Tuesday, March 29, 2011

Utterly Cynical

The five-member Supreme Court majority in Bush v. Gore said the opinion’s effect concerned that case only—that is, the rule of law that the opinion enunciated wasn’t really a rule of law but was instead a principle to be used in that case only.

But the real principle that Bush v. Gore established was not so ephemeral. That principle? That whatever the specifics of the particular election-law case at hand, the Constitution will always be interpreted to support the side whose interests correspond to those of the Republican Party, especially the extreme pro-business wing of the Republican Party.

That much is clear after last year’s 5-4 opinion in Citizens United v. Federal Election Commission and yesterday’s argument in Arizona Free Enterprise Club v. Bennett.

How utterly cynical.

Tuesday, March 22, 2011

Business Wire says Ginni Thomas is a long-time policy leader

WASHINGTON--(BUSINESS WIRE)--Long-time Washington policy leader Ginni Thomas, the founder of the group Liberty Central, has agreed to join The Daily Caller.
Business Wire, Mar. 20

Ginni Thomas is a long-time policy leader? How long, exactly? Since, maybe, September 1991, when her husband, Supreme Court Justice Clarence Thomas, was sworn in to that position? Does she control or influence any policymaker other than her husband? If not, doesn’t her description as a policy leader mean that her husband is a judicial activist? You know, that he legislates from the bench?

Friday, March 4, 2011

President Path-of-Least-Resistance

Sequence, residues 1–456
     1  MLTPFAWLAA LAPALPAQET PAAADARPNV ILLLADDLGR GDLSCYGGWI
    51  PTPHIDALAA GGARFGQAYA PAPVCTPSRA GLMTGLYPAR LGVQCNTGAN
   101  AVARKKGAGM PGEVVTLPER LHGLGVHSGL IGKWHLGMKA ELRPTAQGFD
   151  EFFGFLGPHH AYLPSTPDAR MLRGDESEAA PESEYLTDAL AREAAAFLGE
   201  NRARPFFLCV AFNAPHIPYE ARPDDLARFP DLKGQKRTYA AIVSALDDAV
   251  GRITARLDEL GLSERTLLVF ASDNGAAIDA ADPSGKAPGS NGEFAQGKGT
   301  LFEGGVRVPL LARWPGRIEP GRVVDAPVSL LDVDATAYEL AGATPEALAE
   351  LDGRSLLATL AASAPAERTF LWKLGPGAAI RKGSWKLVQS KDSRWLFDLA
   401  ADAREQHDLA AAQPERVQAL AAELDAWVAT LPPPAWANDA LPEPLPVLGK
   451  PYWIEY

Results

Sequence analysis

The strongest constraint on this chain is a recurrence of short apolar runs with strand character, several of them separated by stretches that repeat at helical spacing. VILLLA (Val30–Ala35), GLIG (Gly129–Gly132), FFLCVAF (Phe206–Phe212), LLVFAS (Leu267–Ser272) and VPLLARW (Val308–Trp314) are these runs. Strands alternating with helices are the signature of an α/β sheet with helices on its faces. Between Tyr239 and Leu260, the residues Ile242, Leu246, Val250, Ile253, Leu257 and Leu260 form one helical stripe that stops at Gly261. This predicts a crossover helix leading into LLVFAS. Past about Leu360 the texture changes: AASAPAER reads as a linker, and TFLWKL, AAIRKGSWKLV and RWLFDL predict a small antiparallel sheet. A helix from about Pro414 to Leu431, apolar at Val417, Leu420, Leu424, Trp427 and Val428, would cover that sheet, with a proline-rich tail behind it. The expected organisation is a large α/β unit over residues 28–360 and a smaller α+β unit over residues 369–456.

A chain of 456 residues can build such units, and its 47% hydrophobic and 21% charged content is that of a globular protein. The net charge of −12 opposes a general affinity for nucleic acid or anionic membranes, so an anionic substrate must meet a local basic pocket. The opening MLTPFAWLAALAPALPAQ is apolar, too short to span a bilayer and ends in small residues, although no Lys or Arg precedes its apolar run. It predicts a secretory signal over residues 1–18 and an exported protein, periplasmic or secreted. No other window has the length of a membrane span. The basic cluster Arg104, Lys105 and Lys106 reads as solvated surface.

I read a day or two ago that Obama’s new political-team tandem—William Daley and David Plouffe—have decided that Obama won’t respond anymore to the incessant Republican propaganda in support of their agenda and will instead wait and then respond all at once. They said they learned this was a good idea because Obama was ineffectual in his first two years when he kept making appearances here and there, and on this TV show and that.

My reactions was: Anymore?

On every policy issue—the economic stimulus law, the healthcare debate, the Bush tax cuts for the wealthy—he waited months and months to respond to the Republican and Tea Party torrent of misinformation and slogans, until he’d already long ago lost any chance to win these debates. And then, with the single exception of a televised speech gave, kicking and screaming after almost having a gun held to his head, in Sept. 2009, he never actually made arguments in specific terms, using facts and statistics. Instead, he just appeared here and there and said a few generic sentences. So of course he was totally ineffectual.

I certainly agree with Daley and Plouffe that he needs to make a single real, thorough rebuttal of the Republican policy agenda and argument in support of his own policy agenda. But if he waits to do that until the no one is listening, and unless he actually uses specifics—facts and statistics rather than an anecdote or two—then the conclusion of the budget debate is foregone.

If he really believes that the outcome of that debate will determine the country’s future, then he needs to explain to the public how, and why. In specifics. But he won’t. It would take too much effort and look too partisan.

And, well, first things first.

These days I call him President Path-of-Least-Resistance.